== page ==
Former Montgomery Hyundai executive sues, citing racism and retaliation

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A former Hyundai executive at the automaker’s Montgomery plant has filed a federal lawsuit, saying she was fired from her job after she was singularly kicked out of management as her position was diminished due to racism.

Yvette Gilkey-Shuford, who said she was previously the highest-ranking black woman and executive at the auto plant until her term ended in June, had previously filed a complaint with the Federal Commission for equal opportunity in employment.

His lawsuit was filed today in the U.S. District Court for the Intermediate District of Alabama. She is suing for compensatory and punitive damages, back wages and lost benefits.

In a statement, Robert Burns, vice president of human resources and administration at Hyundai Motors Manufacturing Alabama, said the company “respectfully disagrees with the assertions of the former employee. Claims will be vigorously defended with information presented during the litigation process.

“HMMA provides a workplace free from discrimination based on race, color, religion, sex, sexual orientation, gender identity, age, national origin or ancestry, status citizenship, physical or mental disability, genetic information, veteran status, uniformed service member status or any other status protected by federal, state or local law,” Burns said.

According to the lawsuit, Gilkey-Shuford worked for Hyundai for 19 years, eventually becoming director of administration in 2018. Yet she claims that in taking on the job, she saw her responsibilities diminished and was the lowest-paid director. .

For this reason, the lawsuit states, “a white executive found it amusing to ‘joke’ that his primary role” during shift sessions was to make sure the coffee stayed hot.

Instead, she says she was kicked out of several key executive committees and paid about $15,000 less than the only other manager with a similar background, who headed the legal department.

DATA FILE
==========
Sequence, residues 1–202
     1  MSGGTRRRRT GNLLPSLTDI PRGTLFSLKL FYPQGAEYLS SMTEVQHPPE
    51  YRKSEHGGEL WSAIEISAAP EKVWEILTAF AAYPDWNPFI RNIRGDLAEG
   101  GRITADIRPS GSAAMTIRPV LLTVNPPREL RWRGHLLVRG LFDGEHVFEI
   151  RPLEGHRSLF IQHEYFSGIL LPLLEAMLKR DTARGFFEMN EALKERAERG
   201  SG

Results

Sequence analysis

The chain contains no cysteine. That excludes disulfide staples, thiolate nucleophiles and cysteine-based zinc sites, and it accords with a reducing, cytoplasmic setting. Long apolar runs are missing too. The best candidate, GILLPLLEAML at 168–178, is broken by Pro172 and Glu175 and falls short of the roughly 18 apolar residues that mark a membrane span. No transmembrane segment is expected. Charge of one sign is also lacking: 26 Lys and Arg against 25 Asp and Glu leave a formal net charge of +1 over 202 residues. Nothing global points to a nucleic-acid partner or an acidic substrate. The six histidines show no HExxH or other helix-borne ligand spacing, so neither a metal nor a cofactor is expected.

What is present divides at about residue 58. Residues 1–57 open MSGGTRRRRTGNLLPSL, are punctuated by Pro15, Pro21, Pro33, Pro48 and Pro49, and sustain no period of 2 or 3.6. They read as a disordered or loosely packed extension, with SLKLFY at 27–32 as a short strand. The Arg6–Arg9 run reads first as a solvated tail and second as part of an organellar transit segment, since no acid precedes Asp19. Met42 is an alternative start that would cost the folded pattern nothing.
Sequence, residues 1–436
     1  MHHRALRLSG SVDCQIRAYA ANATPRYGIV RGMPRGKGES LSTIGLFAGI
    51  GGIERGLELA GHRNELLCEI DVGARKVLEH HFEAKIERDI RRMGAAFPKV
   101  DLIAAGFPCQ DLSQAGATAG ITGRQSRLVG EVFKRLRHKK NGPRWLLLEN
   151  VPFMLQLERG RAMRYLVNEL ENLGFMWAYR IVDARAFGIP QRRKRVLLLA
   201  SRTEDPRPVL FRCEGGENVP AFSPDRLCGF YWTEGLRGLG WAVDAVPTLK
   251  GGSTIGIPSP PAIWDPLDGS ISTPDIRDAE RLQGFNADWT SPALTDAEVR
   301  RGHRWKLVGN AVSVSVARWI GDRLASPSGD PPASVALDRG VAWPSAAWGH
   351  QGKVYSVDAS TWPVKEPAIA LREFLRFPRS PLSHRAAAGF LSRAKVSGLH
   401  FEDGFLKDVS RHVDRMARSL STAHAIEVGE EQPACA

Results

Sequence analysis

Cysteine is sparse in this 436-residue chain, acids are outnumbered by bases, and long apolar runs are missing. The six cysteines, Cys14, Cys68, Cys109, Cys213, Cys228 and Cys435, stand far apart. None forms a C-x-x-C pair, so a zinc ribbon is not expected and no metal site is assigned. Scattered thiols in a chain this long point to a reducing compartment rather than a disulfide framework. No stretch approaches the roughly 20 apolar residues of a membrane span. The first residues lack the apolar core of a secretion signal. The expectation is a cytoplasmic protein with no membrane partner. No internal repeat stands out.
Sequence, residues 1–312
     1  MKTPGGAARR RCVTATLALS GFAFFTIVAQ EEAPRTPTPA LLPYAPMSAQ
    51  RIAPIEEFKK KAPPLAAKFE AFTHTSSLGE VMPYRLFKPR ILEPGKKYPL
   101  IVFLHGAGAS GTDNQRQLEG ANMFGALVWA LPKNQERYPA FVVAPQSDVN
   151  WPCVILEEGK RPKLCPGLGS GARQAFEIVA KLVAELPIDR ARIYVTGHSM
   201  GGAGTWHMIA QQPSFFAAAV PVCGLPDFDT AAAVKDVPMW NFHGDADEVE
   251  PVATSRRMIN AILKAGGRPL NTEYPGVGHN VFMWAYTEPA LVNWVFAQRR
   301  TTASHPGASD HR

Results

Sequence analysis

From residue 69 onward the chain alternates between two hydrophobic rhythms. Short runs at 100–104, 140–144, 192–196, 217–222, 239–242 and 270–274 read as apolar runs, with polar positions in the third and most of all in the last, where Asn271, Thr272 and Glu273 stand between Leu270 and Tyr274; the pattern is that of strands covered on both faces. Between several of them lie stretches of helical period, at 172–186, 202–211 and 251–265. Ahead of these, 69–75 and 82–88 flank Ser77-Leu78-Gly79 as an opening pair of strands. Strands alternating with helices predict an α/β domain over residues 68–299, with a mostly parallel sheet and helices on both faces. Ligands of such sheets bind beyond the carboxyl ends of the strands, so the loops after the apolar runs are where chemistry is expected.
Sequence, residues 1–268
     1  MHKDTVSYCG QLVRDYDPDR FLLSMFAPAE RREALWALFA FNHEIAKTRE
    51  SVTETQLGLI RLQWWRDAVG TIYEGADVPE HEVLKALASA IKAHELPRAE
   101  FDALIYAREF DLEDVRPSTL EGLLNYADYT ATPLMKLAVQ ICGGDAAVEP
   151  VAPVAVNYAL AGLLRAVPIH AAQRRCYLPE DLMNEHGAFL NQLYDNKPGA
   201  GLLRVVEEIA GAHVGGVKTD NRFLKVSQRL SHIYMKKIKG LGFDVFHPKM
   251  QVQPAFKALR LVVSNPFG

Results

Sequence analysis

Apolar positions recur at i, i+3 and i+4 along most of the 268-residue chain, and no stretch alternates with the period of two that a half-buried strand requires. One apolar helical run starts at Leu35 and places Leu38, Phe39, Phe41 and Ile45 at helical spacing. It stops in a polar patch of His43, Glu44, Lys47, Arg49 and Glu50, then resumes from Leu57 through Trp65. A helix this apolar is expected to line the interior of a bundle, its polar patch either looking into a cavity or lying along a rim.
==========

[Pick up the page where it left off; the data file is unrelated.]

As noted in her EEOC grievance earlier this year, Gilkey-Shuford alleges she was fired after a draft employee memorandum was forwarded to the executive management team at Hyundai in California without her knowledge.

The memo discussed how the plant could better recognize Pride Month, as well as possible changes to company policy regarding name changes for transgender employees.

According to the lawsuit, in defending itself against the EEOC’s complaint, Hyundai argued that elevating Gilkey-Shuford to the management team was “nothing more than a tactic to counter the organization union at the factory, and that since the union threat had subsided, it was consumable.”

“The inference is that the promotion was intended to provide optical value to HMMA’s manufacturing workforce, which is over 80% African American,” the suit reads.

Her attorney, Arthur Davis, said she was fired days after Hyundai’s California headquarters launched an investigation into complaints by some employees about the plant’s anti-LBGT policies, and that management de Montgomery thought that Gilkey-Shuford supported and encouraged complaints.

“This kind of discrimination doesn’t happen in a vacuum,” Davis said. “It is part of a culture of discrimination and prejudice and Ms. Shuford is not the only victim of this culture. This is just the tip of the iceberg. »

When she was fired, Gilkey-Shuford said she rejected a severance package that would have made her ineligible to be rehired at Hyundai or any of its supply or distribution networks. The prosecution called this an “unquestionably punitive condition.”

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